album: Panorama - La Dispute
words: Jordan Gorsuch
“Opener, “Rose Quartz” warns the listener that this might not be the La Dispute that they’ve come to expect. We don’t find the unsubtle blasts of emotion found on their first two albums, or even the cleaned-up-indie-rock-sound toyed with on Rooms of the House. The droning synths and textures both sound hopeful and menacing, with the darkness seemingly winning out, bleeding into Panorama’s one-two punch: “Fulton Street (I & II).” This latest is an album that embraces the subtlety of life, the maturity that can be found in reading between the lines, and the patience forged in a slow burn.
That texture stretches beneath stagnated, gentle guitar chords and an unusually soft, almost aloof vocal delivery from Jordan Dreyer. A bass line stumbles into the mix, teasing an explosion, a waltz with a soft cymbal touch that rattles off every few measures. Then comes the catharsis: “Will I ever put flowers by the street?” Dreyer screams with an agony that comes close to the uncomfortable emotion and grief found on the band’s most iconic cut, “King Park.” This question isn’t rhetorical, either. A long staple of Dreyer’s lyrics have circled around the idea of when his personal life will encounter real tragedy. This feeling of guilt that radiates from within Dreyer externalizes in the poetry of La Dispute - it takes root in the anger and catharsis found in his half-sob shouts and pleas.
“Fulton Street II” trades the band’s sweeping dynamics and exercise in restraint found on the prior track for an increase in aggression and energy. Dreyer utilizes similes to describe a relationship with a lover (“You were like a stone / Thrown in a river / ...Sink like an anchor”). He begins his dispute over the wariness and inability to help his partner hinted at on “Fulton Street I,” screaming, “I will be the one who chases you out into the snow / Go where you tunnel down and the trouble starts / I will follow you out and carry all the pain away.”
Are these romanticized, knightly claims even feasible? Does the narrator possess the agency to figuratively become the river that his lover has knowingly flung herself into, and carry herself (and her pain) to safety in his currents? The guitars reach a noisy fever pitch and sound thunderously in union with Brad Vander Lugt’s drumming as the narrator’s bravado fades (“I was waiting for the anger to change”). Pummeling percussion and massive distorted guitar chords drive home the final point in this three-track-story: “And I know your dreams / Of opening caskets / You shake in the mattress / You shake in the-” the song cuts out before the narrator can even finish his closing thought, further erasing his control. This dilemma and imagery associated with it start to take root as Panorama progresses.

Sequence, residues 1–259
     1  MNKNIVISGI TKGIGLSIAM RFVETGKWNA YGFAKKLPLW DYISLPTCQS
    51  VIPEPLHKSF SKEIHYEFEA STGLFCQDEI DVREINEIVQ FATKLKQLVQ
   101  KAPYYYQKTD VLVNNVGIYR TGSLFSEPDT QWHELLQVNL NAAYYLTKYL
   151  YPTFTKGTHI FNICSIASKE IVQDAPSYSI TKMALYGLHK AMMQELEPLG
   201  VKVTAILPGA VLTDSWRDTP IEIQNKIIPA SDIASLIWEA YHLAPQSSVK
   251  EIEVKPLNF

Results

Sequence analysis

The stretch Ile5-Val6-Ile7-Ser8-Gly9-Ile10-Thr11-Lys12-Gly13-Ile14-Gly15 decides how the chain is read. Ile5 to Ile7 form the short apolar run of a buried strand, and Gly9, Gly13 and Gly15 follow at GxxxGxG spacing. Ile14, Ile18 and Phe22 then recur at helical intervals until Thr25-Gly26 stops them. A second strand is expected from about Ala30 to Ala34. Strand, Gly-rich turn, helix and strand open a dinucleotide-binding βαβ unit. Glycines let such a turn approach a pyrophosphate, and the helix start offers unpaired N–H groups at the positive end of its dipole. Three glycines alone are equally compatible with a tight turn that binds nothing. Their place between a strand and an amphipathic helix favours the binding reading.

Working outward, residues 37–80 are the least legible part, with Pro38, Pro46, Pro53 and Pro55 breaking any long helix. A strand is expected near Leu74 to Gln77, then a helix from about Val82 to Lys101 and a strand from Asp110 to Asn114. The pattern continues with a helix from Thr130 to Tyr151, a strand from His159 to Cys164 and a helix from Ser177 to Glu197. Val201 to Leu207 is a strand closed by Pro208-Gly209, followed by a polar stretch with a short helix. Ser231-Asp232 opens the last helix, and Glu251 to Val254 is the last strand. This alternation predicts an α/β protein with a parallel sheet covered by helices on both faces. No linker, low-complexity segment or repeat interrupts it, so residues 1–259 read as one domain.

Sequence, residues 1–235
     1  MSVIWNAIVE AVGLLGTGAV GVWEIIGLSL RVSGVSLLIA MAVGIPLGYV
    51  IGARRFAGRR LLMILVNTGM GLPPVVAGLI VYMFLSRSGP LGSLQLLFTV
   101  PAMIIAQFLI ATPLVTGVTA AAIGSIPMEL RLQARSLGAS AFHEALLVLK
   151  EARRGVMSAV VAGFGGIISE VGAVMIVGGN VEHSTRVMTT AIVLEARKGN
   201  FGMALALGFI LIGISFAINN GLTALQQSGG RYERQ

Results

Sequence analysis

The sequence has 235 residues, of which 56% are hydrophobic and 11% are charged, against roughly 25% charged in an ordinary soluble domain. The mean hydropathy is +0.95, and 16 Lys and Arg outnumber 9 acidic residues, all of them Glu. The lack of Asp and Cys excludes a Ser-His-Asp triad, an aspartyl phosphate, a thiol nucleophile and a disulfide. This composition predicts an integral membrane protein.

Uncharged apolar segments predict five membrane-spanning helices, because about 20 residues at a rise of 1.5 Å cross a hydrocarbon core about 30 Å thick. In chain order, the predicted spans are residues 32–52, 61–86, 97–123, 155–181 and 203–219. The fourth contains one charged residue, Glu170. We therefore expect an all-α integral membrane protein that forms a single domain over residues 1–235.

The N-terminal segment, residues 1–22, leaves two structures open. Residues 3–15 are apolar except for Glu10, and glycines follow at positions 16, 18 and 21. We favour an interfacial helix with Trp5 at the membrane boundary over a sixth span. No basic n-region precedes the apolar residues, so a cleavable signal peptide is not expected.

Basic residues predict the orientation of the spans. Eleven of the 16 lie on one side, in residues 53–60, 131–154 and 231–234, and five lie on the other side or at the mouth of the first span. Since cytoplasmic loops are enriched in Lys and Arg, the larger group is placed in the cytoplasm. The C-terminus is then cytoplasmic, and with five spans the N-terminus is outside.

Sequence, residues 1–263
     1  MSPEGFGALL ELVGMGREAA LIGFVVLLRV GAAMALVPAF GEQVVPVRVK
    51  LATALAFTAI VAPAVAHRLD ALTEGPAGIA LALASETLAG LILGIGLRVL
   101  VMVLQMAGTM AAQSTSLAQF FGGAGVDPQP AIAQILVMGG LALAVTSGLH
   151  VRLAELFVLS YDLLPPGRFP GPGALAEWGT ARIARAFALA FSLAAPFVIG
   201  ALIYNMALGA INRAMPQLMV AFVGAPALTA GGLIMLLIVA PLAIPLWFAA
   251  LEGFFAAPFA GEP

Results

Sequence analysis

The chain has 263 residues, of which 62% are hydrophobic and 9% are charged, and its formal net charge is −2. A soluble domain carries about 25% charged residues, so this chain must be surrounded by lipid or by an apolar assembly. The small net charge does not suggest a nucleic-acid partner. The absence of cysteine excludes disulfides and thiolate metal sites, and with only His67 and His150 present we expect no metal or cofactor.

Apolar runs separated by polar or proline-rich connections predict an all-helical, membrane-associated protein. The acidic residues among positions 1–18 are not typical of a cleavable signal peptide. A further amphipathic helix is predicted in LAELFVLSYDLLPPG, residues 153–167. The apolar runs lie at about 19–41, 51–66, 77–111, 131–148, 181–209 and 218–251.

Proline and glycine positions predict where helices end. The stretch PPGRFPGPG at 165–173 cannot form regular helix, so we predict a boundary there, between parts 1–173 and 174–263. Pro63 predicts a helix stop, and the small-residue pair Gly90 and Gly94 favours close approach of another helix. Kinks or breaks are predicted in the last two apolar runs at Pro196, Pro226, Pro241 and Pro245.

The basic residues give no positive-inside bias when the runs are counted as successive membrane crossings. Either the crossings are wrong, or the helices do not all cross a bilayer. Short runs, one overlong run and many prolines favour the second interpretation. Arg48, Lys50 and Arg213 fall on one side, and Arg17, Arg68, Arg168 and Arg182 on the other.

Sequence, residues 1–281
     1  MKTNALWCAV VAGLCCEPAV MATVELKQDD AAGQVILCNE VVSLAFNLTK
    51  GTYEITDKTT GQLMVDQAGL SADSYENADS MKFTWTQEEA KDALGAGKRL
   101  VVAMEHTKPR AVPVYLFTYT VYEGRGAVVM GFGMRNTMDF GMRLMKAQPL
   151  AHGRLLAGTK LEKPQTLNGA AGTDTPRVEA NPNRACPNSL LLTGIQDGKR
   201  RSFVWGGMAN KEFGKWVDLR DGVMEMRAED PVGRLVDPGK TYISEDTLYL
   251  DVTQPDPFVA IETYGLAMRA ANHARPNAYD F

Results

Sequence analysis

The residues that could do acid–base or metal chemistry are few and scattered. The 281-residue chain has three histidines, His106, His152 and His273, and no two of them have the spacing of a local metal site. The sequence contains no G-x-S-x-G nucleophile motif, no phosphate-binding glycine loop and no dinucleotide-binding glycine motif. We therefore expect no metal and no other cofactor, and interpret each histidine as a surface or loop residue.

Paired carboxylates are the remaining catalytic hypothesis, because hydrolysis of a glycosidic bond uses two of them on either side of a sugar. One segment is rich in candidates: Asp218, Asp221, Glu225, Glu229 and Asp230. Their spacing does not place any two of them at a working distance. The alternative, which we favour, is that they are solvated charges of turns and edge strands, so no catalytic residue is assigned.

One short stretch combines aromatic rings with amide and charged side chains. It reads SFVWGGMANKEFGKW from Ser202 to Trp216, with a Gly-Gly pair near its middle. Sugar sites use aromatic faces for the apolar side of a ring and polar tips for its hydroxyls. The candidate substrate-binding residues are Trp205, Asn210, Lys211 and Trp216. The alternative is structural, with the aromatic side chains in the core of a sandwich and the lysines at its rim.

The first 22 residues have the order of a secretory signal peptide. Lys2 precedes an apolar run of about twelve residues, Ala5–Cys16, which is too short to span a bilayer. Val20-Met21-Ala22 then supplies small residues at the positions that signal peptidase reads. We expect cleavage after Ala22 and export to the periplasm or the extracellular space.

The sonics of Panorama live up to the album’s name in terms of scope and ambition. Tracks like “Rhodonite And Grief” and “Anxiety Panorama” seamlessly bleed into one another possessing moods and sounds that set them apart. The former serves as a pseudo-evolution of the work found on Rooms of the House’s icy and classy “Woman (In Mirror),” and the latter a throwback to the emotional ragers found on their first two albums. These effortless transitions deepen the album’s conceptual flow while diversifying its arrangements.
On “Rhondine and Grief,” clean, jazzy guitar chords and hypnotizing percussion shift to crescendoing trumpet and freaked-out staccato picking as the band delivers an explosive bridge that rattles through the seasons of the year, and the waves of grief that accompany them. “We keep her picture on the fridge / I keep a rabbit toy for kids / You gave me strength to fix myself / I gave you tokens, toys and gifts / To help you grieve,” Dreyer speaks softly, seemingly exasperated.
“In Northern Michigan” finds the band at its most contemplative and atmospheric. The percussion slips in and out, mostly just a steady throbbing bass drum, as the band trades guitar passages for a swirling drone propped up by the clearest bass-line on the album. This less-is-more approach, accompanied with pregnant pauses in the mix, allow the listener to focus clearly on Dreyer’s darkly-romantic imagery. “Too much of you at once is just enough at all times,” Dreyer gently reveals amongst the whirling textures. He paints a scene of his partner willingly descending into a body of water as he stands on dunes of sand, a “watcher on the ridge,” she floats into the water “like a ghost ship.”
For a band so defined by their lyricism, La Dispute has drawn criticism for the curious decision of burying and obscuring Dreyer’s vocals in the mix; mimicking the many references to thoughtful dreaming and panicked awakenings, and our struggle to make out the messages in our own subconsciouses. It is a bit of an adjustment, but a rewarding one, and when the band allows for the vocals to take focus, it only enhances the punch of what they want to impart as the main takeaway.
Panorama introduces us to a new era of a band that is starting to find the beauty in subtlety. With that, they are asking their fans to read between the lines. Dreyer fights his natural urge to “fix” his partner throughout the album’s runtime. He tries to give her physical gifts to squash her grief, tries to figuratively rescue her from drowning herself, tries to swallow her anxiety, he even promises to be everything she needs. It is only when he swallows his own urge to protect her that he is able to watch her ascend - free from her anxiety and grief. Suffering is a necessary part of the human condition, and sometimes the strongest thing you can do as a partner is just to let that suffering take root and see what grows in its place.